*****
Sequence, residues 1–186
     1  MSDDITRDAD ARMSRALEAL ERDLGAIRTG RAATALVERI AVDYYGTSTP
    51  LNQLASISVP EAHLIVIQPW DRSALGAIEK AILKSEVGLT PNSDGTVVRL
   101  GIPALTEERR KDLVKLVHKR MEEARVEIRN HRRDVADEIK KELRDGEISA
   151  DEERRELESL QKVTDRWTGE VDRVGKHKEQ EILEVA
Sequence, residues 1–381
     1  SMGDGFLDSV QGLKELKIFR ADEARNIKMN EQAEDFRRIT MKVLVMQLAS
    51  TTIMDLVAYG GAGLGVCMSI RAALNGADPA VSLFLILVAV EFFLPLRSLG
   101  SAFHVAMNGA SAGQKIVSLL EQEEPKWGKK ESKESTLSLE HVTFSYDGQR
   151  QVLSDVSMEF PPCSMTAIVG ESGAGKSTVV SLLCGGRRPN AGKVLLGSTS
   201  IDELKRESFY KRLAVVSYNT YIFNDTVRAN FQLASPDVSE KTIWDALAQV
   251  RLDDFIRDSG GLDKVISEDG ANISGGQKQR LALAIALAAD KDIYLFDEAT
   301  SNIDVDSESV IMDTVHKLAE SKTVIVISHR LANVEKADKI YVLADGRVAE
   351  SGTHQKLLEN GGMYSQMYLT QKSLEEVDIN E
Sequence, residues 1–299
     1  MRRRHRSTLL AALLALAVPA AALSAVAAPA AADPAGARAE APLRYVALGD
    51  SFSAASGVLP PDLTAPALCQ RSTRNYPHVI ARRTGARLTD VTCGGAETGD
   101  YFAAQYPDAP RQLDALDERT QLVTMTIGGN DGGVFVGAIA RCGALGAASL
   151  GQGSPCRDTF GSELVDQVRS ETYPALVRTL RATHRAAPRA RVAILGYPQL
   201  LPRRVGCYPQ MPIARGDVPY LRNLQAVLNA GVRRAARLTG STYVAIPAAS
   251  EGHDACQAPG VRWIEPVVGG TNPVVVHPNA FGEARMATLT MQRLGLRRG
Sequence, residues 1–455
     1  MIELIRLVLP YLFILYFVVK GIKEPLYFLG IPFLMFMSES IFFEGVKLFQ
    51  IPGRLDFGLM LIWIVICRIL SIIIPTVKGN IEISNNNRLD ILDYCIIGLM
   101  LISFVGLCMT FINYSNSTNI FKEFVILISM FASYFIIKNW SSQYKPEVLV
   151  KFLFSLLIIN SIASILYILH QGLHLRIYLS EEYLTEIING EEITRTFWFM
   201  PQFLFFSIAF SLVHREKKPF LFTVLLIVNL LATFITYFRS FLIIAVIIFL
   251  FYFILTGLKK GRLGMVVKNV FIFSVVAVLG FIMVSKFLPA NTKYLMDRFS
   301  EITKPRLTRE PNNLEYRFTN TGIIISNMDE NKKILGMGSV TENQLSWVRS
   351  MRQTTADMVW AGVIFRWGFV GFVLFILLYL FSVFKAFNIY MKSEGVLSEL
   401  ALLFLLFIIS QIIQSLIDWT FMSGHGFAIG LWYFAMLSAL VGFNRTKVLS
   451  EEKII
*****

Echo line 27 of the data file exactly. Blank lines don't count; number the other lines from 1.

   201  PQFLFFSIAF SLVHREKKPF LFTVLLIVNL LATFITYFRS FLIIAVIIFL